The Jewish community and our country as a whole lost a great figure on the eve of Rosh Hashanah last week. The death of Supreme Court Justice Ruth Bader Ginsburg was one final blow in a year full of trauma and loss. Justice Ginsburg was a strong, creative force for change who helped ensure that the law would be applied equally to everyone and she has been praised by people across the political and cultural spectrum.
The near universal mourning for Ginsburg, however, creates some odd situations. While she was a public figure and an icon, the Notorious RBG was also a Jewish woman, and sometimes that is difficult for non-Jews to understand in a predominately Christian country.
First there was the idea that floated out into the Internet that in Jewish tradition someone who dies right before Rosh Hashanah is considered a tzadik, or righteous person. I had never heard this notion, and it seems that many other rabbis had not either. Rabbi Rick Jacobs, the head of the Union for Reform Judaism, suggests that the idea may be a reading of a passage in the Talmud (Rosh Hashanah 16b).
That text suggests that the completely righteous (tzadikim) are immediately sealed for life on Rosh Hashanah and don’t need the Ten Days of Repentance to receive a good judgement on Yom Kippur. Jacobs generously proposes that someone read this passage to mean that Ginsburg, last year on Rosh Hashanah, was given a whole year of life because of her righteousness. Such a creative reading, Jacobs notes, not only strains the plain meaning of the text; it is also theologically problematic.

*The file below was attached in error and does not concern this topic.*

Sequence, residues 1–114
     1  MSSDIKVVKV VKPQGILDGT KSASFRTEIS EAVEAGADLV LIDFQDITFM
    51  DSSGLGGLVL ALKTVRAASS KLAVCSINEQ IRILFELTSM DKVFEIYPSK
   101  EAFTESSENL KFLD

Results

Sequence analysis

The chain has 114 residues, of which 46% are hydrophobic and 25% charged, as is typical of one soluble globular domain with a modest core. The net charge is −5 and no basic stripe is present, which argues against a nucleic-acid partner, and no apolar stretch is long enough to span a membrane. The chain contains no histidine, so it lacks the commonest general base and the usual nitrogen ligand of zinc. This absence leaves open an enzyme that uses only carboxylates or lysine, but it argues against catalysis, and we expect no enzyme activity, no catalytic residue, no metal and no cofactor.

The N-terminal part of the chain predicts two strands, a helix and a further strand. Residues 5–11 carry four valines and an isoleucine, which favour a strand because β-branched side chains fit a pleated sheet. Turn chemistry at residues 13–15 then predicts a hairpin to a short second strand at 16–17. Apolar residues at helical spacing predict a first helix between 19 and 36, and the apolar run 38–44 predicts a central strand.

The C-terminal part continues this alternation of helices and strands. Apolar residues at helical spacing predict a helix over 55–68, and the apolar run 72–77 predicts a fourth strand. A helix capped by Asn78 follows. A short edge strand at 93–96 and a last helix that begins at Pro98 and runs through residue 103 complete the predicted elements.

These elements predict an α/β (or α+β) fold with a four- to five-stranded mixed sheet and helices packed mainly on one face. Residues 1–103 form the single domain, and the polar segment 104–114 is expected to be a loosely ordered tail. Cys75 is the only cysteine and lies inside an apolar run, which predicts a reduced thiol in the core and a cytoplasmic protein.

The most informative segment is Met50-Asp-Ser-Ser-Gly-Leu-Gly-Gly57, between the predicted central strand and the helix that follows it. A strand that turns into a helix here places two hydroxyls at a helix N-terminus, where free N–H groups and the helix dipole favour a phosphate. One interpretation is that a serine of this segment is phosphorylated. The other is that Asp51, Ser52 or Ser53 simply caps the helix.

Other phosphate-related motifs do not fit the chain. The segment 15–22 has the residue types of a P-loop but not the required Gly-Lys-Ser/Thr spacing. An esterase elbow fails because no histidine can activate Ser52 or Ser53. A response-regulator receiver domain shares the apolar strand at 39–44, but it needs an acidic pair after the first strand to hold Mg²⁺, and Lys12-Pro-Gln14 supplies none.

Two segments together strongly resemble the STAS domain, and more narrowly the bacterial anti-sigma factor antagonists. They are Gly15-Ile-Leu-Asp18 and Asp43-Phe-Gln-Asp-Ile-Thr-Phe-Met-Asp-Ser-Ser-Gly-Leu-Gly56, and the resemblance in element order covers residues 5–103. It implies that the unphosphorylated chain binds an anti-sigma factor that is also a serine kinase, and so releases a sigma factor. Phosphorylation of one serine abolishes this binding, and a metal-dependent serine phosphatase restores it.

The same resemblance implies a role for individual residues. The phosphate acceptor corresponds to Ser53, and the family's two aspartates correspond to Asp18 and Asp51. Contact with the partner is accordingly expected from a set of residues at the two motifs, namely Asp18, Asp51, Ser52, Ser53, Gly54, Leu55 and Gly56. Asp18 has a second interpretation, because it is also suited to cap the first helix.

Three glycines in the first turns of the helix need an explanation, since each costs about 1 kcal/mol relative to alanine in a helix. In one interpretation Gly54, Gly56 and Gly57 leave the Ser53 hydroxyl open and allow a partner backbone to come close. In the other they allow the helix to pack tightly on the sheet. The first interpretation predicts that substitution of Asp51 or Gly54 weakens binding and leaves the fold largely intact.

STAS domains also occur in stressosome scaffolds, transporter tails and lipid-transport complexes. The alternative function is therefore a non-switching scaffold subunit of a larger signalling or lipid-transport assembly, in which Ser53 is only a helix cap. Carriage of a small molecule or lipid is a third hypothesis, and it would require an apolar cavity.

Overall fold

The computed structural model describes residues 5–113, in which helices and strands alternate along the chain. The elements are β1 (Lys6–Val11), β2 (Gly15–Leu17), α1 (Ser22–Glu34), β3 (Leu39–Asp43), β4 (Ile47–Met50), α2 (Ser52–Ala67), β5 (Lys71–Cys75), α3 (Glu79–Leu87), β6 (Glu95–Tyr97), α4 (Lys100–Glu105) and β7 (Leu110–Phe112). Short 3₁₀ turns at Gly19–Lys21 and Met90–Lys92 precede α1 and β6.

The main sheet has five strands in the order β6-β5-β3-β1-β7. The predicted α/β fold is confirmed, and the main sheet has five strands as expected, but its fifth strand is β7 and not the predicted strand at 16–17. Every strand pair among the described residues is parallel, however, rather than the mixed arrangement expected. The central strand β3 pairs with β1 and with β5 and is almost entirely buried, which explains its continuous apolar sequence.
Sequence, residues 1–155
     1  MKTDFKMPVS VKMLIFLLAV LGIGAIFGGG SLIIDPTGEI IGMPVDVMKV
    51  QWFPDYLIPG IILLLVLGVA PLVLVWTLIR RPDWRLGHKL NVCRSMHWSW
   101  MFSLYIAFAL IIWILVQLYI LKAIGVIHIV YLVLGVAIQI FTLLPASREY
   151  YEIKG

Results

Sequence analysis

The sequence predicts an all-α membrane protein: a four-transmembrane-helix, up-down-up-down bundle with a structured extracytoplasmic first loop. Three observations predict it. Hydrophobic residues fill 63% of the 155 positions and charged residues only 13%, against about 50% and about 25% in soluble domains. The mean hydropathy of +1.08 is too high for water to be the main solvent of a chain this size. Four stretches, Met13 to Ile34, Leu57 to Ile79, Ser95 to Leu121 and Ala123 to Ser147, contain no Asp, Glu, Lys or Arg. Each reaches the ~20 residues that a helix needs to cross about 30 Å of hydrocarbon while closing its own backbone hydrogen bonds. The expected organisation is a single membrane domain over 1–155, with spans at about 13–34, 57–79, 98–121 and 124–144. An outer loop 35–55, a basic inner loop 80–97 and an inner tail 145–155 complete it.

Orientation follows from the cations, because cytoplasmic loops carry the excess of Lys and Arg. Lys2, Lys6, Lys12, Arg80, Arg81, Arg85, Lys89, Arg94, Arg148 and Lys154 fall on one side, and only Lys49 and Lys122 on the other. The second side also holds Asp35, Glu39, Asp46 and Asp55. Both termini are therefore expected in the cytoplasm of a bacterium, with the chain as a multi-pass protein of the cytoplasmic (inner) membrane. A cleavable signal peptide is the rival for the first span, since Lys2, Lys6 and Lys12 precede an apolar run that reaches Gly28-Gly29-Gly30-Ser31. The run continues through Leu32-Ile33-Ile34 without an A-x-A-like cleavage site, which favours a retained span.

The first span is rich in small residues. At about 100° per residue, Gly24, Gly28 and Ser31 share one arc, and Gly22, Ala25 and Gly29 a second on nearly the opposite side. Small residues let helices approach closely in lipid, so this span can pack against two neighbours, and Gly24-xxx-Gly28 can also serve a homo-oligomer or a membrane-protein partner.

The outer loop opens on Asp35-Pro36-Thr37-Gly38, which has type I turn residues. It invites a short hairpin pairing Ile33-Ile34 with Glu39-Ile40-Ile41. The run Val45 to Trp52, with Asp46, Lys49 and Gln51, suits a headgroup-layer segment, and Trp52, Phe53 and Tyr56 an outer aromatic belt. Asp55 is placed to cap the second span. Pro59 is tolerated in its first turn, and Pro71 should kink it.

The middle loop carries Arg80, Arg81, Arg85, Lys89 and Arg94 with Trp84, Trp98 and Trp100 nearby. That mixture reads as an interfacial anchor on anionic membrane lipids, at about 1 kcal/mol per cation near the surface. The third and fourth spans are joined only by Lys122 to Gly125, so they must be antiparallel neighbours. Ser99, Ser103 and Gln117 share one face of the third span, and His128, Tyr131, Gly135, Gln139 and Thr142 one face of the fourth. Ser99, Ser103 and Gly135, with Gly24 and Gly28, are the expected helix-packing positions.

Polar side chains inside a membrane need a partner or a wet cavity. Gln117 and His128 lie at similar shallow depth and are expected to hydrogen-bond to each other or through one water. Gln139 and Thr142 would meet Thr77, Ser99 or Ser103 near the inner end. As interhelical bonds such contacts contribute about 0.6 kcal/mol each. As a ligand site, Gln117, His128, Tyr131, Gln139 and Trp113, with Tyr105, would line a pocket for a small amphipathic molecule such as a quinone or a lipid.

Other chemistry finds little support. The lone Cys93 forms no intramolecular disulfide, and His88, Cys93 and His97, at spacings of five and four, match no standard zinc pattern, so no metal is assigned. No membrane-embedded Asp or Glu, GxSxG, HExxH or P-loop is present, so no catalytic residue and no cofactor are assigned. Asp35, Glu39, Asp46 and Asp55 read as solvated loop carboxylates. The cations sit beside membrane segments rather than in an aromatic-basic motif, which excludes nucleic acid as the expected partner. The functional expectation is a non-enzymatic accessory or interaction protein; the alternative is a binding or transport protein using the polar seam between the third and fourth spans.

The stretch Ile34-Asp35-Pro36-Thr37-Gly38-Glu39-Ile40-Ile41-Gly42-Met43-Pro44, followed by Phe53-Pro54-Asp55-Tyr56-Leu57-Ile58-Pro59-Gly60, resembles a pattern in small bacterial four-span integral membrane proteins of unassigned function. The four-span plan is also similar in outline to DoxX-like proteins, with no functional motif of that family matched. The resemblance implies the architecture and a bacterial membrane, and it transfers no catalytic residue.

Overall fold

While the nation was learning about Rosh Hashanah because of Ginsburg’s death, it also received some inaccurate information about Judaism. The Guardian newspaper, in its obituary, wrote that she “abandoned her religion” because women were not treated equally. Many pushed back on the assertion, which is the result of a non-Jewish understand of religion. While Christians might abandon their faith because of theological disagreements or a lapse in practice, many secular Jews, including Ginsburg, remain fiercely loyal to their Jewish identity regardless of synagogue affiliation or participation. The Guardian subsequently changed its article to read that she “moved away from strict religious observance”, which more accurately reflected Ginsburg’s life as a proud and knowledgeable Jew.
Indeed, during her funeral service at the Supreme Court, my friend and colleague Rabbi Lauren Holtzblatt recited psalms and the El Malei memorial prayer. After a series of firsts in her life, she continues to break ground as “first Jew and the first woman to lie in repose at the court and to lie in state at the Capitol”.
While Ginsburg was universally embraced, some Jews felt the need to hold on to her as a uniquely Jewish icon. Many on social media memorialized the justice with the words “rest in peace”, which some Jews unfortunately took offense to, stating that it was incorrect to use this phrase for a Jewish person. Such an idea is news to me, since as I rabbi I have used those words at countless funerals given that it is the conclusion to our El Malei prayer.
Such protestations are an example of an overzealous defense of Jewish tradition against the encroachment of Christianity and represent an unfortunate lack of education. Many Jews are under the mistaken belief that our tradition does not have a heaven or hell. While our conceptions of the afterlife might be different from other religions, they are central to our beliefs.
I don’t know what Ruth Bader Ginsburg thought about life after death, but I do know that her legacy, her words, and her deeds will be an inspiration for Jews and all people long after she is gone. As we Jews say when someone important leaves us: zecher tzadeket livracha, may her righteous memory be a blessing.